McGee slants and takes the Left Guard with him.
This opens up a gap for Compton to smash into the fullback
Brown is free to clean up the running back.
But Seattle ran the “Counter” play instead and caught us in a bad defense. The running back fakes like it’s Iso with the first step, but then they pull the left guard and fullback the other way and the running back follows:
Slanting guys around is a chess match that will go both ways, fortunately in this game we won these match ups more than we lost them.
Like the previous week, we ditched the exotic formations. Deshazor Everett only got 1 snap even though Montae Nicholson was out for the game. That left DHall and DJ Swearinger to man the safety corps for the entire game; we played with 2 high safeties way more than normal.
Run defense was near perfect, but pass rush lane integrity and flat zone coverage were a problem.
We stuck to our base formations and got penetration against their zone runs with slants:
That’s our 3-4 with a huge gap inside of Smith; we are baiting them to run it there.
McClain and Hood slant toward the top of the screen widening that gap and Compton fired right into it. The scheme sets up Compton for a TFL or at the very least he should force the RB to cut it back, which is what ends up happening:
Notice McGee’s stunt (red), it looks like he’s getting punished off the line but he’s actually taking a defender with him and opening up a path for the guy outside of him to handle any cutbacks.
No defensive lineman playing middle linebacker like the last two weeks, just guys lining up where they normally do and stressing the offensive line with movement.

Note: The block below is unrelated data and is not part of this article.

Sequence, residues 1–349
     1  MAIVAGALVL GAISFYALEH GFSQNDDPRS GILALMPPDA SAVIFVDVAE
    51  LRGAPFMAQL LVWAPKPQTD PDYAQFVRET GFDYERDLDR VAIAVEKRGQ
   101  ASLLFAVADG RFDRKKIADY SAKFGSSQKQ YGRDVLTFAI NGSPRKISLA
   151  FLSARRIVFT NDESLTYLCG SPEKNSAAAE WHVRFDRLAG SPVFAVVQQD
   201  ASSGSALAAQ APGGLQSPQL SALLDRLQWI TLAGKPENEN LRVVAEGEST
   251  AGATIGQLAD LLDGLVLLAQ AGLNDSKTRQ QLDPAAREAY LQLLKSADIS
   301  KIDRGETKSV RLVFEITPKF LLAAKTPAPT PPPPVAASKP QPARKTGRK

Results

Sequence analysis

Turnovers and special teams overrode a defensive effort that was good enough to win the game.
Drive 1: Fumble.
Drive 2: This was the drive where they got us. They burned us with play action and set up on our 13:
Witten is coming across the formation and both our backers need to bump down a gap as an adjustment to that. Spaight (yellow) does so, Brown (red) does not:
Between the play actions and run fits, we downloaded what Dallas showed us on this drive and adjusted.
Drive 3: missed FG attempt.
Drive 4: Punt.
Drive 5: Started at the 1 yard line thanks to the blocked FG.
Drive 6: Punt.
Drive 7: FG.
Drive 8: started on our 26, gained -4 yards, ended in a FG.
Drive 9: Had to insert Everett into the line up and they picked on him right away. Still only gave up a FG.
Drive 10: Brown got a dumb Unnecessary Roughness penalty, still only gave up a FG.
Drive 11: Punt.
That’s one touchdown from a drive where we downloaded everything they did and four field goals, one of which came on a drive that lost four yards.
Against a playoff team without Breeland, Foster and Allen that is still a performance you can win with. Dallas shut it down on the last two drives with 13 runs for 48 yards good enough for 3.7 ypc. If Zach Brown doesn’t commit a boneheaded unnecessary roughness penalty both of those drives end in punts.
+ plays are good.
- plays are bad.
If it's a ho-hum play, like a 3 yard gain on first down, then usually nobody will do worse or better than -1 or +1. But give up a 64 yard touchdown (-4) or get a TFL/Sack (+2) and I go higher in either direction.
Pressure: Did the quarterback comfortably hold onto the ball for longer than 3 seconds: -1. Did the QB feel pressure in 3 seconds or less? +1
In the preview, one of the key match-ups was Ziggy Hood vs outside zone runs and the result in this game was that he struggled a lot.
The formula to open up a huge hole on our defense:
get Hood flowing sideways
then wham him with a second blocker:
On this next play Everett fails to come down in the box (and gets a scolding from DJ after the play) but also Hood gets taken out with the same formula as above:
we’ll see how he holds up next week, I’d imagine Seattle is going to run these stretch plays with a design to target him. FWIW McGee was inserted at nose tackle on the last drive and had similar problems.
Ioannidis and Allen were two of the best against these types of runs, it will be up to the linebackers to shut these down until we get them back.
Anthony Lanier had a sneaky good game at 3 and 5 technique. He’s not going to solve our issues at nose, but if McGee or McClain go down he looks more than able to pick up where they left off.
Martrell Spaight struggled with zone reads, here he just reads it wrong and thinks it’s a QB keeper: